Click HERE to see a partial roster of soldiers.

 

 

 

 

Ninth Volume of the Statutes at Large– Virginia Legislature 1775

 

And for the better protection and defence of the inhabitants on the frontiers of this colony, Be it farther ordained, by the authority aforesaid, That there shall be appointed and raised, exclusive of the regiments before-mentioned……., also one other company, consisting of one captain, three lieutenants, one ensign, four serjeants, two drummers, and two fifers, and one hundred privates, to be raised in the county of Botetourt, and stationed at Point Pleasant, at the mouth of the great Kanawah

 

And be it farther ordained, That the commanding-officers to be stationed at Point Pleasant, and Fort Fincastle, shall be under the direction of, and subject to, such orders as they may from time to time receive from the commanding officer at Fort Pitt.

 

 



1776

 

On May 15th, 1776, Captain Arbuckle leaves Fort Pitt with a company of Virginia troops to build a fort at the mouth of the Great Kanawha.

Click HERE

 

Captain Nevill sends some instructions to the commander of Fort Randolph.  Click HERE.

 

On August 2nd, 1776, Capt. John Stuart writes a letter from the Greenbrier settlements to Col. Fleming asking for militia re-enforcements.  He states that Capt. Arbuckle has taken most of their good men ( to serve at Fort Randolph).  Click HERE

 

On August 15th, 1776, Captain Arbuckle wrote a letter to Col. Fleming.  Arbuckle had apparently been rebuked for over recruiting at the fort.  Arbuckle defends his actions by explaining that he must recruit new soldiers prior to other soldiers being discharged.  Arbuckle was also aware that 3 young women had been taken prisoner in Kentucky, and he sent 3 soldiers to demand the prisoners from the Shawnee.  These 3 women were the daughters of Col. Callaway and Daniel Boone. On August 15th, the men returned with a Shawnee Chief and Cornstalk’s brother.  The Indians told Arbuckle that the women had been rescued, and 2 of their men had been killed.  Click HERE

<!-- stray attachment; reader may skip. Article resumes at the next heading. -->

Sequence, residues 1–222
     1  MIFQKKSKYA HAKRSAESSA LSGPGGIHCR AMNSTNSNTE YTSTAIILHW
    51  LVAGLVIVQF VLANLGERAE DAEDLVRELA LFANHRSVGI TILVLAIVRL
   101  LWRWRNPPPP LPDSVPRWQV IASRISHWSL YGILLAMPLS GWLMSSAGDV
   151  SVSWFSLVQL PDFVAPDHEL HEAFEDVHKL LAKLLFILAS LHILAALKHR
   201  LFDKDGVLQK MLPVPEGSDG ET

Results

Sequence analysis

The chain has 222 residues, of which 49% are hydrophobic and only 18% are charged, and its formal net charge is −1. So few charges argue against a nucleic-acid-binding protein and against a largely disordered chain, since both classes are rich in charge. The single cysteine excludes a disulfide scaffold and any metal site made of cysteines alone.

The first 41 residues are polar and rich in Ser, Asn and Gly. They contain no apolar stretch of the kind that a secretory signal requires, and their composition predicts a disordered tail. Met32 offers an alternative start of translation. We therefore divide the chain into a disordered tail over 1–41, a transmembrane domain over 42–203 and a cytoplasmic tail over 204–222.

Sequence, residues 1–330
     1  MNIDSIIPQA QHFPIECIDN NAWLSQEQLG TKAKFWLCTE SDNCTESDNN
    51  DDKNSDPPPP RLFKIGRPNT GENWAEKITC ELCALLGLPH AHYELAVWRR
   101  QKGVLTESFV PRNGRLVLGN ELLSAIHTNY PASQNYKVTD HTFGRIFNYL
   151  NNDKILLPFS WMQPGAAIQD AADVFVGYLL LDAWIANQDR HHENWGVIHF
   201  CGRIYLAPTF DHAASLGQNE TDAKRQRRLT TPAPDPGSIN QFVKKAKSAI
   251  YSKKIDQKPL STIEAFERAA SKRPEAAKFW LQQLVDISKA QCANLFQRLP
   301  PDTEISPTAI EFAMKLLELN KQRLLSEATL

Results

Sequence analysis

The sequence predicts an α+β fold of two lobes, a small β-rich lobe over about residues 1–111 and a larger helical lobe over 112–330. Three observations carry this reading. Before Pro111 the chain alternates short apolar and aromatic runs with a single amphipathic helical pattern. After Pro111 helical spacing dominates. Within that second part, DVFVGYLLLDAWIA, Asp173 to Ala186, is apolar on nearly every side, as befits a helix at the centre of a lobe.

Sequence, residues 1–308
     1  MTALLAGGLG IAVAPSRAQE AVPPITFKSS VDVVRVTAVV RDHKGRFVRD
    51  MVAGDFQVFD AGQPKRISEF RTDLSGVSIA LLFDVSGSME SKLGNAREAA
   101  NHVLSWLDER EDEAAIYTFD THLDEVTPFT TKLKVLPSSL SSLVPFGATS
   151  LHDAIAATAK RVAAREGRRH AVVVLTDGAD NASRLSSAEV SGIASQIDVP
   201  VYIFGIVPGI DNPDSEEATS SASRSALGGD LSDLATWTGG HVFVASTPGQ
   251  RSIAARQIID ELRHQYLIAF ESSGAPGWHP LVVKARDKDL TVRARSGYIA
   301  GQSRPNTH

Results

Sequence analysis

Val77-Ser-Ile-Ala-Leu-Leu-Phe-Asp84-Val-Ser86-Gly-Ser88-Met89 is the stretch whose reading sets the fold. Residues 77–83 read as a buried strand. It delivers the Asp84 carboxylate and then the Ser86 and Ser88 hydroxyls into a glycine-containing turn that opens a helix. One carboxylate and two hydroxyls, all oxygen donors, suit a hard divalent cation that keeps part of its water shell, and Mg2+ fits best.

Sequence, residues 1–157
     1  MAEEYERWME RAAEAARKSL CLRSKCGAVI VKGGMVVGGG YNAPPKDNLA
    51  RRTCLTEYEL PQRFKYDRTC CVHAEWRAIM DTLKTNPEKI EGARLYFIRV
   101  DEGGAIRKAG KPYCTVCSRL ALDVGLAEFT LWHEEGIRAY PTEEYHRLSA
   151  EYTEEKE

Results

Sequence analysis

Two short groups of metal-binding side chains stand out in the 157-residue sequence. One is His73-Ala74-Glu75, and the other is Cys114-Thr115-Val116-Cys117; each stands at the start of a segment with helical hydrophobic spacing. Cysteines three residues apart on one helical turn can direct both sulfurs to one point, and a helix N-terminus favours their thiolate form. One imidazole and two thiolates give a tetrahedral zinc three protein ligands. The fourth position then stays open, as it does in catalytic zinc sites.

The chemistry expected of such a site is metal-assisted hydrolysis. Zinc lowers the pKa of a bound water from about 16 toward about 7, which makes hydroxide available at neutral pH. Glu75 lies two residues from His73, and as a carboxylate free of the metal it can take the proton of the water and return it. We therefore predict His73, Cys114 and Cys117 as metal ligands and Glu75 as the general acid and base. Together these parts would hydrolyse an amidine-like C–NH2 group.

On September 2nd, 1776, a detachment from Fort Randolph was at Fort Pitt under Lt. Andrew Wallace and John Gallaway to acquire cattle.  Read HERE.

 

On September 30th, 1776, Captain McKee wrote a letter to Col. Fleming from Camp Union.  He expects to send 30 to 40 recruits to the relief of Fort Randolph.  Click HERE

 

Capt. McKee writes an undated letter to Col. Fleming stating that the detachment arrived safely.  McKee had just returned from Williamsburg, and he expected to march 40 to 50 more troops to Fort Randolph the following Monday.  Click HERE

 

On November 1st, Andrew Donnally wrote a letter to Col. Fleming stating that he had purchased a large drove of cattle and hogs for the garrison at Fort Randolph.  Click HERE

 

On November 2nd, Capt. Arbuckle wrote a letter to John Stuart stating that he had sent out some scouts across the Ohio River.  The scouts had a skirmish with an Indian across the river from the fort, and one scout was injured.  Click HERE

 

 

 

1777

In the summer of 1777, Gen. Hand was ordered by congress to mount a
punitive expedition against the Shawnee towns. He was instructed to
assemble a body of troops at Fort Pitt while Col. Skilleron and Col.
Dickinson were to assemble volunteers in Augusta and Botetourt
counties. Both groups were to rendezvous at Fort Randolph in the
fall of 1777.

On August 31st, 2 men were killed by Indians while attempting to
drive beeves towards the fort. They were supposed to be scouting for
Indians. (One of them may have been Moses Tarfim) 
Click HERE           (Note:  Wallis Estill stated in his pension request that he was involved in a skirmish in August 1777 a short distance downriver from the mouth of the Kanawha.  He stated that 2 soldiers and 5 Indians were killed.  This may have been the same incident.)

Two Shawnee came to the fort on Sept. 19th to ask why a black wampum
was being circulated by the Americans. Arbuckle detained the 2